Presentation of ADHD
According to the Diagnostic and Statistical Manual (DSM5),1 ADHD presents itself in one of three ways, with diagnostic rates varying based on presentation.
One epidemiological survey found that in childhood, the combined presentation (hyperactivity-impulsivity-inattention) was the most common, followed by hyperactivity-impulsivity, with the inattentive presentation being the least diagnosed.5
Inattention may go unrecognised, because these children do not fit into that stereotypical view of the hyperactive child; as a parent once said to me, “I couldn’t believe he had ADHD, sure he’s almost horizontal …’. These children and adults can lose focus often and easily, may process information more slowly, forget or lose things frequently, and may seem like they live in a daydream and/or in chaos.
ADHD is far more commonly diagnosed in boys in childhood, about five to one in most studies, however, diagnostic rates even out between genders in adulthood to a 1:1.6
At one point, this was attributed to the fact that girls tend to present with inattention and internalising problems (e.g., anxiety and depression), and with less externalising difficulties (e.g., hyperactivity).7
These ‘quiet’ children are often not disruptive at home and in school, and so they may fly under the radar.
However, other factors may also be involved,
evidence from the Zurich Cohort Study suggests that symptomatology varies (across genders) in early adolescence, with symptoms not becoming apparent for many girls until this age.
However, other factors may also be involved, evidence from the Zurich Cohort Study suggests that symptomatology varies (across genders) in early adolescence, with symptoms not becoming apparent for many girls until this age.8
This creates challenges for diagnostic guidelines, which require presentation before the age of 12 years.1 Moreover, there is clearly a need for greater recognition for ADHD in girls, indeed, for anyone with the inattentive presentation.
To understand ADHD, we must consider its impacts, that is, how it affects the lives of those with the condition, the people closest to them, and to the wider community. ADHD can have detrimental effects across many, if not all, areas of life, which has consequences not only for the person, but also for society (e.g., impacts on social welfare and the criminal justice system).
A compressive review would take too long to set out, and so a select few are considered here.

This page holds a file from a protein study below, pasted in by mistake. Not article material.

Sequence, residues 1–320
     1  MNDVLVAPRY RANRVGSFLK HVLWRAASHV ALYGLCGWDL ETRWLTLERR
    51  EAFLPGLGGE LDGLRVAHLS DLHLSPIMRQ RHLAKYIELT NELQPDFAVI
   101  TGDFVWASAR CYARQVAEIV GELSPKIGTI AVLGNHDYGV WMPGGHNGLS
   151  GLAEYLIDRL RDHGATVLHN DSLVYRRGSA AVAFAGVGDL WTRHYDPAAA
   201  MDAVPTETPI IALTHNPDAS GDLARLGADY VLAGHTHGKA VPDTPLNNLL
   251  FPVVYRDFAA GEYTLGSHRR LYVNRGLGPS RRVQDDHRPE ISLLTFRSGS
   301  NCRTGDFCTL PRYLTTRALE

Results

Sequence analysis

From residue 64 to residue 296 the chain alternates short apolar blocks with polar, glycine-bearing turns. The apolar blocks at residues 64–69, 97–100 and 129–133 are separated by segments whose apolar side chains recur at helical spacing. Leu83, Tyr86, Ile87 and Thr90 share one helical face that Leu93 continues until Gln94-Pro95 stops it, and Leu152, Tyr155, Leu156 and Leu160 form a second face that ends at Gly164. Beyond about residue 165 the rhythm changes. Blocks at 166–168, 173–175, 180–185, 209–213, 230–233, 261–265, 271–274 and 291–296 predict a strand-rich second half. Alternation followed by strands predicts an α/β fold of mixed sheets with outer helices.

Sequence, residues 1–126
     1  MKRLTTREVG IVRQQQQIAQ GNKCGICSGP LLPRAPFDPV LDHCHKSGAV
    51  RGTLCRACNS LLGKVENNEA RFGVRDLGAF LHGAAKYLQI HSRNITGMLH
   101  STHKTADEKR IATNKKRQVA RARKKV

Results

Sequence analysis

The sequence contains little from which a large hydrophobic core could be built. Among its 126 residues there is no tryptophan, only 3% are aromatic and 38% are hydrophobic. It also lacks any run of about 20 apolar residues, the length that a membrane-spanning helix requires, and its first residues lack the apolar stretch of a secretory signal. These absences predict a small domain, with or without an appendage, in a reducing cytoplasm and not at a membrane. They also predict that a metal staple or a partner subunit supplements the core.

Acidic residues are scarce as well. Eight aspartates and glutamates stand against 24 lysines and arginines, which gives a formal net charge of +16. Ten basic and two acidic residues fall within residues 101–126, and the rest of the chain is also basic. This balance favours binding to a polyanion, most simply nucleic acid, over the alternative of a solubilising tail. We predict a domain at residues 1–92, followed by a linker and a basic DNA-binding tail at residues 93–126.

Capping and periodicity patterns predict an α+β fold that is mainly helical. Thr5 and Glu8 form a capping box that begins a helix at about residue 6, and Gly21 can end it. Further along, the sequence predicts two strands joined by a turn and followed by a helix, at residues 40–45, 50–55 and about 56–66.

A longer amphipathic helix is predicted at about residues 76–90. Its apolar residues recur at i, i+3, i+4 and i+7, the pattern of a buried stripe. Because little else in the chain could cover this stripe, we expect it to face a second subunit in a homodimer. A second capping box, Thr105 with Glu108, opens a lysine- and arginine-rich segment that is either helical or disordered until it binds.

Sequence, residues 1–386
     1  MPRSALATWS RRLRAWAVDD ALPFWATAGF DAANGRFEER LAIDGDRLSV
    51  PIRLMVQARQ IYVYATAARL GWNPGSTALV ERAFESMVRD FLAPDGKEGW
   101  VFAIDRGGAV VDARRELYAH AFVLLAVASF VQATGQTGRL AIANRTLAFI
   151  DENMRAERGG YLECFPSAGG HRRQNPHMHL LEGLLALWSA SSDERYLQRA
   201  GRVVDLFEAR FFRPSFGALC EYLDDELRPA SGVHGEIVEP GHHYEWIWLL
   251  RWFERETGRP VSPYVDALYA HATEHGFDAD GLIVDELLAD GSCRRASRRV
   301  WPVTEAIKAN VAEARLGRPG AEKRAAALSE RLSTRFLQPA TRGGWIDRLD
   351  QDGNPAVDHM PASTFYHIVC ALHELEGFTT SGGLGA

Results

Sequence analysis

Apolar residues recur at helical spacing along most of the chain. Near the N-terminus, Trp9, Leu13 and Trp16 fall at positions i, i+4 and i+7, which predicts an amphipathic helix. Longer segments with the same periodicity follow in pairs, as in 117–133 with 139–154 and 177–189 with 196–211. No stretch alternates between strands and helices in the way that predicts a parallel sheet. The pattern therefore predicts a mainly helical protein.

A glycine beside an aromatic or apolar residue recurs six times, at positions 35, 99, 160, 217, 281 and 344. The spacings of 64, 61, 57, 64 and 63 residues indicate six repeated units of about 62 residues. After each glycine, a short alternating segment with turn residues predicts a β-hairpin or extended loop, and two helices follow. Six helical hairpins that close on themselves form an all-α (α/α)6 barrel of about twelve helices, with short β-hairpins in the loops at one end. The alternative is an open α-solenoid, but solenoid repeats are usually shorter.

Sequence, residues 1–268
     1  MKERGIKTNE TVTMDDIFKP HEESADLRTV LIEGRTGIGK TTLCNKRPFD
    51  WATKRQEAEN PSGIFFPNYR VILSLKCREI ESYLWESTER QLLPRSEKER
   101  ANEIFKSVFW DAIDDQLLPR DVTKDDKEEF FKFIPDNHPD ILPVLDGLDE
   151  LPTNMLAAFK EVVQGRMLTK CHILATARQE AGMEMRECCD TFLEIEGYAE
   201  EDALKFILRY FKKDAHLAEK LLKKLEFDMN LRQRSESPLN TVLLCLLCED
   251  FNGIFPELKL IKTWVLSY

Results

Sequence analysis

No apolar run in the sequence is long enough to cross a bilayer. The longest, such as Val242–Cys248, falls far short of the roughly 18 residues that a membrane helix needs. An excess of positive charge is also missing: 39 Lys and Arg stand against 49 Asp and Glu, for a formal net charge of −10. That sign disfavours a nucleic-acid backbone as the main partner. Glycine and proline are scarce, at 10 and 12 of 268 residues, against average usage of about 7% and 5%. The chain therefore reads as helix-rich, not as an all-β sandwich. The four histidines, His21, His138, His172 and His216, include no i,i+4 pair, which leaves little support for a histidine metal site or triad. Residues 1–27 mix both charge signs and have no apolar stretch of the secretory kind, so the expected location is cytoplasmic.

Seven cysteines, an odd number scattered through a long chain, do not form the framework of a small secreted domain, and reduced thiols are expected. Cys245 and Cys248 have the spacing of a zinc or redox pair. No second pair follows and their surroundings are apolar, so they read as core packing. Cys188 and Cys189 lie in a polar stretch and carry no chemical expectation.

Children with ADHD tend to have poorer social skills, be less liked by their peers, have fewer friends, and experience rejection from an early age.10,14
This — together with risk-taking behaviours described above — may be linked with tendencies to associate with more deviant peer groups in adolescence.15 Children with ADHD have been found to be more likely to be both victims and perpetrators of bullying.16
Children with ADHD who also present with aggression may be even more likely to be victimised. These types of behaviours seem to be viewed by their peers as particularly unacceptable, and so the child with ADHD is targeted as a result.
There is some relationship between ADHD and the perpetration of bullying. However, we might need to be cautious on this one, because children with ADHD might respond to victimisation with aggression, and as a result be viewed by teachers as bullies.17 Conversely, positive relationships characterised by acceptance and understanding, may provide much-needed buffers for people with ADHD.7
Unfortunately, however, other relationships also seem to be characterised by conflict, such as those with teachers and family members.14
Indeed, ADHD is associated with greater family dysfunction – having a child with ADHD can cause a lot of stress for parents and siblings, and can contribute to conflict and financial difficulties (e.g., sometimes one parent cannot work, treatments often cost money, or lost items need to be replaced).
Parents might struggle with their own sense of parent efficacy, such as viewing themselves as a ‘bad mother’ and they might feel stigmatized and judged by others, and so isolate themselves.14
Due to high heritability there may be multiple family members with ADHD in the home, which leads to even greater stress and dysfunction in the home.
Adults with ADHD may struggle to stick to routines, provide structure, and remain calm, which are essential skills when raising a child with ADHD.18
As a result, intervention may need to adopt a holistic approach, providing support for the whole family and, where necessary, providing parents with treatment for their own ADHD-related challenges.
The majority of children with ADHD experience some degree of academic dysfunction, independent of their intellectual ability. These students are more likely than their non-disorder peers to experience failure, be held back a year, and drop out of secondary school.15,19
A longitudinal study in the USA found that students with ADHD were less likely to attend university.20 However, findings consistently point to two predictors: “academic problems” and “disciplinary problems”; students with ADHD who also have higher levels of one or both of these, are less likely to progress to third level.20